Too Complicated to Work

Yves Smith has a long excerpt from testimony by Robert Johnson before the House Financial Services Committee on regulation of OTC derivatives. (Johnson’s testimony is not up at the committee site.) Johnson brings together the issues of too big to fail and derivatives regulation: “Absent a drastic simplification of derivative exposures and a transparent and comprehensive improvement in the monitoring of those positions when imbedded in large firms, complex derivatives render these behemoth institutions Too Difficult to Resolve (TDTR).”

In short, he argues that even if you give regulators the ability to “resolve” a Tier 1 financial institution in the event of a crisis, regulators will be afraid to pull the trigger as long as there is still this complicated web of non-standardized derivatives linking it to the rest of the financial system. In addition, this creates a bizarre incentive: if you think that you can escape being shut down by having an intimidatingly complex derivatives portfolio, then you will go out and create such a portfolio.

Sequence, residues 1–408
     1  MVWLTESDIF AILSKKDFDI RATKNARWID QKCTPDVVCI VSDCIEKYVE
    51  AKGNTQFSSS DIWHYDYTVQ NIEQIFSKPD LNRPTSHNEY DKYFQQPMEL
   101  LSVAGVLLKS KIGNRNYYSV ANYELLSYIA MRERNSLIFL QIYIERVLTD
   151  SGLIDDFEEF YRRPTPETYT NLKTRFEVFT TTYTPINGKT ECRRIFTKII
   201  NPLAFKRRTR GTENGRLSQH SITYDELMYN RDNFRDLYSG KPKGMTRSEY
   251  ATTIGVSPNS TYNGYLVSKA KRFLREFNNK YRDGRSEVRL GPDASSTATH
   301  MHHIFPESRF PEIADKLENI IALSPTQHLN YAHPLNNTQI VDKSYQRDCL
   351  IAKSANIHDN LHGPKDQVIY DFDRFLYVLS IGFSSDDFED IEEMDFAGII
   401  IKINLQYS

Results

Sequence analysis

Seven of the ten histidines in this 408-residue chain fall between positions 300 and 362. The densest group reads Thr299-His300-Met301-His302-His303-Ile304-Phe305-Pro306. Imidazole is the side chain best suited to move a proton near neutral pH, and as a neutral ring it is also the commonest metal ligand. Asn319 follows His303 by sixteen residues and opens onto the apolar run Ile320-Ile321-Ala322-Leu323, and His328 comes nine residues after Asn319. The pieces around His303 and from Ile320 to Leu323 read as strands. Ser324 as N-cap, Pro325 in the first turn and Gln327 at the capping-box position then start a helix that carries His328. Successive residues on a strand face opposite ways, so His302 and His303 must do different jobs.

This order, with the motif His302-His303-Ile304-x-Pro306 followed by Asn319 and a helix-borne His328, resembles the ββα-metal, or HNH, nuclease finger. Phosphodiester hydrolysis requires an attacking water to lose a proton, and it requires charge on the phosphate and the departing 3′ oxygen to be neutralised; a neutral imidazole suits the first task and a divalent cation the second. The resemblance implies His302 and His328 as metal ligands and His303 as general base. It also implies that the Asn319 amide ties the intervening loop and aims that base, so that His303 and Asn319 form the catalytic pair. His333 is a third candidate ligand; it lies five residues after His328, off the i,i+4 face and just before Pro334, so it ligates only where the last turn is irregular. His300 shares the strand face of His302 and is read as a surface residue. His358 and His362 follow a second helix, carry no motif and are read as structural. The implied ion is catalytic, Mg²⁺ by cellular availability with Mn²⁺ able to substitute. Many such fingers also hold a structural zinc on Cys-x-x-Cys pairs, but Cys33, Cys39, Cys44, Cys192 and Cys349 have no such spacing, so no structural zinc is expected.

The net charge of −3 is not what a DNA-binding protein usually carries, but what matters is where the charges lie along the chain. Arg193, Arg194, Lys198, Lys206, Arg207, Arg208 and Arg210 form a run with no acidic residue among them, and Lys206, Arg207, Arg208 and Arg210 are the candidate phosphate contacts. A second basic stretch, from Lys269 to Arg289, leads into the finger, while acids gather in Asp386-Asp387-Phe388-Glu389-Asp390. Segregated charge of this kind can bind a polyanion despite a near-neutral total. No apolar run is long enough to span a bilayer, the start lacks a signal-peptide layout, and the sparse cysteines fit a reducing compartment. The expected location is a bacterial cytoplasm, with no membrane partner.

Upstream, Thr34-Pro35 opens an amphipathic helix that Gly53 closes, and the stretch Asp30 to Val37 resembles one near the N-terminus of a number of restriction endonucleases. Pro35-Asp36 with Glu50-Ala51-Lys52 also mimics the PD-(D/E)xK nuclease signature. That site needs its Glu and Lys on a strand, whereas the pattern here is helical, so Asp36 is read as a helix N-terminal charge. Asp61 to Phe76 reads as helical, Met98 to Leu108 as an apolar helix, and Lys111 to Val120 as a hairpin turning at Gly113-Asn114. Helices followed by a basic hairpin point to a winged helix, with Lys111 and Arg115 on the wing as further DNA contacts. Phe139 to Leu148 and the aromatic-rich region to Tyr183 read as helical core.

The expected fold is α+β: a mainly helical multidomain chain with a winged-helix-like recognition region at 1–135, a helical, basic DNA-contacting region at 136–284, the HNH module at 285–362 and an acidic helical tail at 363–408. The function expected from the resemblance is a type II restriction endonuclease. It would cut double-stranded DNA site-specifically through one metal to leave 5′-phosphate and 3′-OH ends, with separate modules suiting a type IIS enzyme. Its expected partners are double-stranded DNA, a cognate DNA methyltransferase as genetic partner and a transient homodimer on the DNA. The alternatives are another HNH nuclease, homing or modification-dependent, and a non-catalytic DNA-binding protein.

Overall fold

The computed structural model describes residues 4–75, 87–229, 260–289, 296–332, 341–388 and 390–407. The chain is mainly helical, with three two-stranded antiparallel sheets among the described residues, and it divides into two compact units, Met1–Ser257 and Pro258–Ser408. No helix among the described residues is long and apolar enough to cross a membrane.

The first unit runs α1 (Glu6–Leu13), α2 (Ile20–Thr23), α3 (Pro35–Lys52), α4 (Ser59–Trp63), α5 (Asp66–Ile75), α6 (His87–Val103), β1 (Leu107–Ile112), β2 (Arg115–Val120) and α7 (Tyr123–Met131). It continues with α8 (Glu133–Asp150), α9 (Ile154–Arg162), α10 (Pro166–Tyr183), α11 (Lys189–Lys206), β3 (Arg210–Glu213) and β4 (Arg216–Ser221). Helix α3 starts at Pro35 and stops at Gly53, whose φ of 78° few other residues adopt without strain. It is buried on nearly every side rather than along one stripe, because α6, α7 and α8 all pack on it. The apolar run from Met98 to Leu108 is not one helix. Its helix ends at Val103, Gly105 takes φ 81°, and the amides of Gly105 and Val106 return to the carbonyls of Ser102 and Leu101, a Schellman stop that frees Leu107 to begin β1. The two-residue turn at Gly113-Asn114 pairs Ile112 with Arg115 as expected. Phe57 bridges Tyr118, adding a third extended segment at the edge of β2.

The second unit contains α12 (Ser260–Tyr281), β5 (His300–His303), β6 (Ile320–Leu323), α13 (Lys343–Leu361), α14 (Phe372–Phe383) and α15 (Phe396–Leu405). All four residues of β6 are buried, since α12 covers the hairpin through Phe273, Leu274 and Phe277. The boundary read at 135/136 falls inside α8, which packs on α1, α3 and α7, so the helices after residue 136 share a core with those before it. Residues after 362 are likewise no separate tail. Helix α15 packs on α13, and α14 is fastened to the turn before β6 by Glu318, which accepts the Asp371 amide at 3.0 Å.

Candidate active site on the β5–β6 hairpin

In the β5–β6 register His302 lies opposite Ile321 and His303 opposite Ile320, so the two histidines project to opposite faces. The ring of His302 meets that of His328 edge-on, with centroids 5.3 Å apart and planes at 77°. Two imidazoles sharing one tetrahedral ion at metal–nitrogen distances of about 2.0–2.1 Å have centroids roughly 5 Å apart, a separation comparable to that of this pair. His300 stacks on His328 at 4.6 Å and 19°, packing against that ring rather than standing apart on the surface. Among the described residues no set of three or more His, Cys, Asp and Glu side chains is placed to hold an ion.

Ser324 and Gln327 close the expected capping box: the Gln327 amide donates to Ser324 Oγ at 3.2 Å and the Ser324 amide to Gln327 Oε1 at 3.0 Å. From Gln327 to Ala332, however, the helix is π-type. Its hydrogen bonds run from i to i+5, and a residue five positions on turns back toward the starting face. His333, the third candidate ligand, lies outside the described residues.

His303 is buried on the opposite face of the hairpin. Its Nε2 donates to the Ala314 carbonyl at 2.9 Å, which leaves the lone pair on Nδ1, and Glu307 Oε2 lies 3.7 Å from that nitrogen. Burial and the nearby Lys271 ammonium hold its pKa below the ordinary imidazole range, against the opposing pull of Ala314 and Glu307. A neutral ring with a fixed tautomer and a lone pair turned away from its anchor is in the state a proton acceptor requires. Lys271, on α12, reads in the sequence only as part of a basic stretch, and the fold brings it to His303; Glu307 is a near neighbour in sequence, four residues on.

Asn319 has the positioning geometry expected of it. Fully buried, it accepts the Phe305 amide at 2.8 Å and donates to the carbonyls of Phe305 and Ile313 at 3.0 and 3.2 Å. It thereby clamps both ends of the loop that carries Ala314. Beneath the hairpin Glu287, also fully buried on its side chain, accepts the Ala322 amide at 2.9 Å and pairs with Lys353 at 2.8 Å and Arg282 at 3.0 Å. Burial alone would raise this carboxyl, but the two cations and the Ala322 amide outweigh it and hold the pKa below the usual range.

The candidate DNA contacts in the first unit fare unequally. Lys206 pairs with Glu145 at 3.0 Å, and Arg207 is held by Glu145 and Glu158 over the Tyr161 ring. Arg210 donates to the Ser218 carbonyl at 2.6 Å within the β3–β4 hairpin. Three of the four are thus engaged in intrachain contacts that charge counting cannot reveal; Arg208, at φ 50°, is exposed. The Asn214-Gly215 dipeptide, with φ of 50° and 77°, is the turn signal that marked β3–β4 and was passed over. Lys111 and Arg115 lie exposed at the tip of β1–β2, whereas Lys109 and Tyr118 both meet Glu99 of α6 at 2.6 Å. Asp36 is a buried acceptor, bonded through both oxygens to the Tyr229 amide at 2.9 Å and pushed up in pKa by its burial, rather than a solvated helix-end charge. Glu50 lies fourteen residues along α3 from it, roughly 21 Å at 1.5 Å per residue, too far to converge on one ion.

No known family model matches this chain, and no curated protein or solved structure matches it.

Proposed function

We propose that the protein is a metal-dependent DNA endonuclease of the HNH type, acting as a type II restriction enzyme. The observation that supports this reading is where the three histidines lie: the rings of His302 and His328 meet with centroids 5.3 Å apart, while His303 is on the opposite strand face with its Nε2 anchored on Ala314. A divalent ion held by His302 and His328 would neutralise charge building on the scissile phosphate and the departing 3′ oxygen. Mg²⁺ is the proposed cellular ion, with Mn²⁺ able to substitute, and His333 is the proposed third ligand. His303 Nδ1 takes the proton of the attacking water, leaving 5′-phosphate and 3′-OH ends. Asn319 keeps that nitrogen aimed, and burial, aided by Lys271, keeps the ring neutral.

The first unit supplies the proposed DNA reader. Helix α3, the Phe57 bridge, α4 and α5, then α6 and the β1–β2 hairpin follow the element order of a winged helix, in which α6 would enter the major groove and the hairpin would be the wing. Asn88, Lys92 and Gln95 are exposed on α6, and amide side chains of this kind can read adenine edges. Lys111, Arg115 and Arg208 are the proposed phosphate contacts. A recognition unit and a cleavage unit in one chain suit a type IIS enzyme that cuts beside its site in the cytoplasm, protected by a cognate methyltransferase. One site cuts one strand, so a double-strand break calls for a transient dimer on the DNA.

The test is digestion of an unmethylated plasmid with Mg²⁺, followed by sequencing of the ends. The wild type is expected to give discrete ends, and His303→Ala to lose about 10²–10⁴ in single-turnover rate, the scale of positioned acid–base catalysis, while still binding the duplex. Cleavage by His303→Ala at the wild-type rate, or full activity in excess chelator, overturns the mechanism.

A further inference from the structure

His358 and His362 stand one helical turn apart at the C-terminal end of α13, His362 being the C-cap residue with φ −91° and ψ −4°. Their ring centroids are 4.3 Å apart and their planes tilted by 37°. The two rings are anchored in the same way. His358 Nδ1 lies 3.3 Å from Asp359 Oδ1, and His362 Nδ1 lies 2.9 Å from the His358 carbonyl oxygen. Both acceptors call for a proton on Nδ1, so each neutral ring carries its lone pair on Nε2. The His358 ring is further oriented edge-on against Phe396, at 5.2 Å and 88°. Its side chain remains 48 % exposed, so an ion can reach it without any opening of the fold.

I think there is a real risk in financial regulation that it becomes too technical and technocratic. We already know that the people who are into finance, economics, and economic policy are suckers for complicated models — the new flavors are contingent capital and size-based capital requirements. But we have to weigh their theoretical elegance against the chances that they will not work, or will be overridden by other considerations, in a crisis. For example, here’s Mervyn King on contingent capital:

“[E]xperience has shown that it is difficult to assess risks of infrequent but high-impact events, and so it is dangerous to allow activities characterised by such risks to contaminate the essential – or utility – services that the banking sector provides to the wider economy. Both of these drawbacks mean that it is almost impossible to calculate how much contingent capital would be appropriate.”

In other words, since crises are by definition tail events, there is no good way to estimate the amount of contingent capital that will be needed beforehand, so there is a high risk that financial institutions won’t have enough and we’ll be left where we are today. Assuming perfect regulation is no different from assuming any other can opener.

By James Kwak

17 responses to “Too Complicated to Work

  1. If you allow firms the luxury of dealing in the technical and technocratic, don’t you think the same courtesy should be extended to their regulators?
    And I challenge the idea that there’s no way to predict how much contingent capital will be needed. The insurance industry does this all the time, as well as the reinsurance industry. One doesn’t need perfect regulation; any regulation at all would be a decent start.